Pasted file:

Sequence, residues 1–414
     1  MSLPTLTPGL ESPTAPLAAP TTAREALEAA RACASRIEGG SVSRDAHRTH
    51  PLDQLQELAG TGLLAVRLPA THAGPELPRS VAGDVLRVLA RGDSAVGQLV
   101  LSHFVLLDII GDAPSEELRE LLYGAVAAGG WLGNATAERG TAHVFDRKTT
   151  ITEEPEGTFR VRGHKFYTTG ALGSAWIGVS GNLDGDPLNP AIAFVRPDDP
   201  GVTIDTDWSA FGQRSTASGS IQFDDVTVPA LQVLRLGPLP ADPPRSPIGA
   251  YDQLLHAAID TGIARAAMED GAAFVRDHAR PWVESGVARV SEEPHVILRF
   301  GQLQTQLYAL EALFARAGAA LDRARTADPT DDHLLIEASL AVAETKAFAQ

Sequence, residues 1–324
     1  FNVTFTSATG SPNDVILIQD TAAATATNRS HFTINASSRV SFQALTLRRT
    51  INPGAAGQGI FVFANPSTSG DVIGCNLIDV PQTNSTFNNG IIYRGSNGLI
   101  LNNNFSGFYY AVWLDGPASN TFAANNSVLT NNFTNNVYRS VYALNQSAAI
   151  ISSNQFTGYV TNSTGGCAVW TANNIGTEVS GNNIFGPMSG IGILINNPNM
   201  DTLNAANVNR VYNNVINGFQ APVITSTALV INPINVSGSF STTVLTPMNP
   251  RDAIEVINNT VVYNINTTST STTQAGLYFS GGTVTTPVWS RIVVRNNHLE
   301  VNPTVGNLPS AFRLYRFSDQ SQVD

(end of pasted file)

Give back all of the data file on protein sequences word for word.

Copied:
Sequence, residues 1–414
     1  MSLPTLTPGL ESPTAPLAAP TTAREALEAA RACASRIEGG SVSRDAHRTH
    51  PLDQLQELAG TGLLAVRLPA THAGPELPRS VAGDVLRVLA RGDSAVGQLV
   101  LSHFVLLDII GDAPSEELRE LLYGAVAAGG WLGNATAERG TAHVFDRKTT
   151  ITEEPEGTFR VRGHKFYTTG ALGSAWIGVS GNLDGDPLNP AIAFVRPDDP
   201  GVTIDTDWSA FGQRSTASGS IQFDDVTVPA LQVLRLGPLP ADPPRSPIGA
   251  YDQLLHAAID TGIARAAMED GAAFVRDHAR PWVESGVARV SEEPHVILRF
   301  GQLQTQLYAL EALFARAGAA LDRARTADPT DDHLLIEASL AVAETKAFAQ

Sequence, residues 1–324
     1  FNVTFTSATG SPNDVILIQD TAAATATNRS HFTINASSRV SFQALTLRRT
    51  INPGAAGQGI FVFANPSTSG DVIGCNLIDV PQTNSTFNNG IIYRGSNGLI
   101  LNNNFSGFYY AVWLDGPASN TFAANNSVLT NNFTNNVYRS VYALNQSAAI
   151  ISSNQFTGYV TNSTGGCAVW TANNIGTEVS GNNIFGPMSG IGILINNPNM
   201  DTLNAANVNR VYNNVINGFQ APVITSTALV INPINVSGSF STTVLTPMNP
   251  RDAIEVINNT VVYNINTTST STTQAGLYFS GGTVTTPVWS RIVVRNNHLE
   301  VNPTVGNLPS AFRLYRFSDQ SQVD